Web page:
There is a crisis in primary health care accessibility in the United States. Many commentators identify a lack of health insurance coverage as a major cause of inadequate health care; however, few acknowledge the impact that a shortage of primary care physicians has on the ability of consumers to receive timely and appropriate primary care, regardless of insurance status. If we improve access to primary care as contemplated by the implementation of the Patient Protection and Affordable Care Act, we must also increase the number of primary care providers. As we learned from Massachusetts, the expansion of health insurance exacerbates the need for primary care providers, and State political will is necessary to ensure providers are available.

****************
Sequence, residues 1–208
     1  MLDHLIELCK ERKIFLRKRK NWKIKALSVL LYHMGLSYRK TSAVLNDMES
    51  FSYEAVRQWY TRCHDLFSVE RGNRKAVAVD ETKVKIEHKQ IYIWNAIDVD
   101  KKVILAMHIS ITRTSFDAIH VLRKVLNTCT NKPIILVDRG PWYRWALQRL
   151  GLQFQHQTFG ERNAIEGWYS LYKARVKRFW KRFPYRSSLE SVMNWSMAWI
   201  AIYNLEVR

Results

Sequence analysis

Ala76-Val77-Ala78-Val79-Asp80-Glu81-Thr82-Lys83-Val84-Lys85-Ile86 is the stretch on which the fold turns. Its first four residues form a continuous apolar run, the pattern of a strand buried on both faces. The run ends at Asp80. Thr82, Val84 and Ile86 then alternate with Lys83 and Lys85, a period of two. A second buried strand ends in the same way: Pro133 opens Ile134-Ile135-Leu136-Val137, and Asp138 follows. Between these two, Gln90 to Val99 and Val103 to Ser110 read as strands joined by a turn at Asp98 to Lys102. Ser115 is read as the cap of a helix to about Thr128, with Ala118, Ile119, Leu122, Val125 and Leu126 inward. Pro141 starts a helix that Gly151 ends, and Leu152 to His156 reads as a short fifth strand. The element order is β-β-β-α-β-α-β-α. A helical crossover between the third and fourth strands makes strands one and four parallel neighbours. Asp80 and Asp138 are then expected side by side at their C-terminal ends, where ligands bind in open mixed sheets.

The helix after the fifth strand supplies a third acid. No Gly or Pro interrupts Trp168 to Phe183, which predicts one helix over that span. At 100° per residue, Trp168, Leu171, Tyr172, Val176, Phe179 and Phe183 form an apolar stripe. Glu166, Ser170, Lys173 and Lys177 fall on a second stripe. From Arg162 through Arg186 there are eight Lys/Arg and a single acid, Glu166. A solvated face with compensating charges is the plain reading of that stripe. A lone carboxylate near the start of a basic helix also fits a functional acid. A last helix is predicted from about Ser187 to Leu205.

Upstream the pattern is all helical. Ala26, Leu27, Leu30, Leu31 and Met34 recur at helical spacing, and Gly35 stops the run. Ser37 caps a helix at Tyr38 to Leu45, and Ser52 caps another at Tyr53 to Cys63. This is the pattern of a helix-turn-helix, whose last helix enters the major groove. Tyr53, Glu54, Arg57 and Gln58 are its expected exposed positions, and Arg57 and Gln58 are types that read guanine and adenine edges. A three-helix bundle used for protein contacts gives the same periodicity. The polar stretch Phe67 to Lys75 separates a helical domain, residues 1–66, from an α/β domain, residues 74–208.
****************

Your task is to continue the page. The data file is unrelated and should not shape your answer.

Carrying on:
Emerging primary care providers, like nurse practitioners—nurses with master’s-level education or beyond—are increasingly filling the gap in the primary care provider workforce. This Article describes the history and development of the role played by autonomous nurse practitioners and urges a critical analysis of barriers that warrant reform in order to promote the growth of an approach to health care that promises to pay substantial dividends in improving the health of our communities. Reducing disparities in access to health care will require more than increasing insurance coverage. It will also require that we increase the number of competent primary health care providers, and nurse practitioners are poised to meet the need.